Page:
The brain is full of cells called neurons. But they aren’t alone. A variety of other cell types live there too, Thaler notes. For a while, scientists thought some of these cells, called glia (GLEE-ah), were just there to support neurons and to hold them together. (In fact, “glia” comes from the Greek word for glue.) But glia are far more than just brain glue. Some of them, called microglia, act as an immune army in the brain. They move into injured areas and can turn on inflammation when things go wrong.
Thaler’s team already had found that one brain area gets inflamed when mice eat a high-fat diet. Called the hypothalamus, this brain area helps to regulate how much mice — and people — eat. They even showed similar changes in the brains of people with obesity.
Could the microglia in the hypothalamus be the reason why? To find out, Thaler and his colleagues fed high-fat diets to more mice. Then they gave some of these mice a drug that killed off microglia. Without these immune cells, those mice gained less weight and ate less food. But losing their microglia had no effect on mice dining on low-fat chow.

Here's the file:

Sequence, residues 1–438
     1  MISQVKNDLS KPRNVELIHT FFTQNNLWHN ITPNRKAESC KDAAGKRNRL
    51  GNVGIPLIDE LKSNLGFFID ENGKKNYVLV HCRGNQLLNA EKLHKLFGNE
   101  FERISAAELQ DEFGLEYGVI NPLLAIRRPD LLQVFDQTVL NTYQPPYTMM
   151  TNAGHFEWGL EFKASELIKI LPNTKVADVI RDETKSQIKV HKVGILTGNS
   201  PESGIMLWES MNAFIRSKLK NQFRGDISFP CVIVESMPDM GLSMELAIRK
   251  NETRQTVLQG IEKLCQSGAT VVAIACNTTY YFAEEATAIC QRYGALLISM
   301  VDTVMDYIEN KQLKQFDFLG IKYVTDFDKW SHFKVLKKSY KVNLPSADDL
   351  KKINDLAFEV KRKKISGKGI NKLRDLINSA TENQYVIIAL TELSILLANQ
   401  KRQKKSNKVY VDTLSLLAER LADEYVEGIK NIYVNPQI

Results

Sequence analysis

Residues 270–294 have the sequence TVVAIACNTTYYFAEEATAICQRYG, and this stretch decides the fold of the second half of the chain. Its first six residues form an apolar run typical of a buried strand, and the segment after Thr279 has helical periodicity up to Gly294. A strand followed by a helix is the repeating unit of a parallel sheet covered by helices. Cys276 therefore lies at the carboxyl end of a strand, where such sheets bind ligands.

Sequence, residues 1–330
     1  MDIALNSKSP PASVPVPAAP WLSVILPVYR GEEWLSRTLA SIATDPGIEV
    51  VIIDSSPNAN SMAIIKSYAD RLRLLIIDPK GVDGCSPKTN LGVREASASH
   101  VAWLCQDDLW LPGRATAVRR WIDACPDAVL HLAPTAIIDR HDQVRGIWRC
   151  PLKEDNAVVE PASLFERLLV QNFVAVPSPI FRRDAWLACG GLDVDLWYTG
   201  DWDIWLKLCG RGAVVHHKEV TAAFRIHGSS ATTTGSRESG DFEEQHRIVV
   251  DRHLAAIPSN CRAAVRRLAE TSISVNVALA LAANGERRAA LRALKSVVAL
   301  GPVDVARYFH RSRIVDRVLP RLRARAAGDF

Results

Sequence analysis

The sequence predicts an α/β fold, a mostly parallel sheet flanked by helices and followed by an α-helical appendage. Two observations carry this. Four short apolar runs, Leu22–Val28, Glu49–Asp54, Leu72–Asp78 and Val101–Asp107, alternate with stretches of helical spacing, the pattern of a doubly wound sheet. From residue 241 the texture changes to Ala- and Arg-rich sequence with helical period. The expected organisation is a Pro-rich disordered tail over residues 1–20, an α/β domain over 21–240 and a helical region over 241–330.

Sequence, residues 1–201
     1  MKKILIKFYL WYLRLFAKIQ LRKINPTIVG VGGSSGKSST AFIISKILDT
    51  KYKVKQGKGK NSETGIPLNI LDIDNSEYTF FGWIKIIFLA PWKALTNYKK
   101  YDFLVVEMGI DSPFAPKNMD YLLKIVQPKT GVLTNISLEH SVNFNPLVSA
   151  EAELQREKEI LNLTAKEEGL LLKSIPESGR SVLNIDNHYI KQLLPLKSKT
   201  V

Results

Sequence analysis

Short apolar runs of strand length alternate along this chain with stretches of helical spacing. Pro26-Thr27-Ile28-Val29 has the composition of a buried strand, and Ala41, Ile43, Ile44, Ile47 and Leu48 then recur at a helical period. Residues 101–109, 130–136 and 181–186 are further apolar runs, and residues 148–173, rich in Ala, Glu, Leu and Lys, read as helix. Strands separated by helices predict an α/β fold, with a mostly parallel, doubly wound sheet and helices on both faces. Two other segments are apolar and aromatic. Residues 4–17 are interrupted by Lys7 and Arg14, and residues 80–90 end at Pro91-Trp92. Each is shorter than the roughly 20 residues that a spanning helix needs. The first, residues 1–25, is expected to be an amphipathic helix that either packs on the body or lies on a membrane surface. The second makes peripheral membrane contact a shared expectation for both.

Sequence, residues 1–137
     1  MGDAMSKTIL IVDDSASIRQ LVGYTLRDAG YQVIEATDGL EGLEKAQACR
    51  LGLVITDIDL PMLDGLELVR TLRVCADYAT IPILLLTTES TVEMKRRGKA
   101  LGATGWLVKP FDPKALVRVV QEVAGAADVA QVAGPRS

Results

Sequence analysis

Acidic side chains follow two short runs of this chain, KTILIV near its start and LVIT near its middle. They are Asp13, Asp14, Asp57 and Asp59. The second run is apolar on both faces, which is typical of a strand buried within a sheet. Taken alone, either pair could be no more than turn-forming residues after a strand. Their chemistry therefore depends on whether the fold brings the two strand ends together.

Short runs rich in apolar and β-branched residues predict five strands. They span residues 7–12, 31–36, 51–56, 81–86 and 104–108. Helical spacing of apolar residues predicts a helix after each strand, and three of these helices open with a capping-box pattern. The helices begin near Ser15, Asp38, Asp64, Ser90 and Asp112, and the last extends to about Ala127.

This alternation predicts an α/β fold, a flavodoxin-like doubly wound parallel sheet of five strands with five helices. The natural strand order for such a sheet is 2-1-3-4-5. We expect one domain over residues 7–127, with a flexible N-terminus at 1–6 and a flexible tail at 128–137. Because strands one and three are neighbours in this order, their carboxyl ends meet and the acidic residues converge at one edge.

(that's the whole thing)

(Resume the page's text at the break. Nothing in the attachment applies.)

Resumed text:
The researchers wanted to make sure microglia were causing the inflammation that led to weight gain. So they deleted a gene — a set of cellular instructions. Microglia use this gene to make their inflammatory signals. The treated mice gained less weight on a high-fat diet, just as in the mice with no microglia at all.
If stopping inflammatory signals made mice gain less weight, more inflammation might have the opposite effect. Thaler’s group decided to test that idea. They worked with mice that were unable to make an important inflammation-fighting molecule. These mice developed inflammation in their brains. They also gained weight — even when they weren’t on a high-fat diet! That confirmed that brain inflammation alone could contribute to obesity.
Thaler and his colleagues published their findings July 5 in the journal Cell Metabolism.
Calling in the immune cavalry
Microglia are full-time brain residents. “They’re always there,” Ellacott says. These cells move to wherever the brain needs them.
When mice eat a high-fat diet, the hypothalamus recruits microglia. And these immune cells then call for backup. In the new study, some of those backup immune cells had come from a mouse’s bone marrow.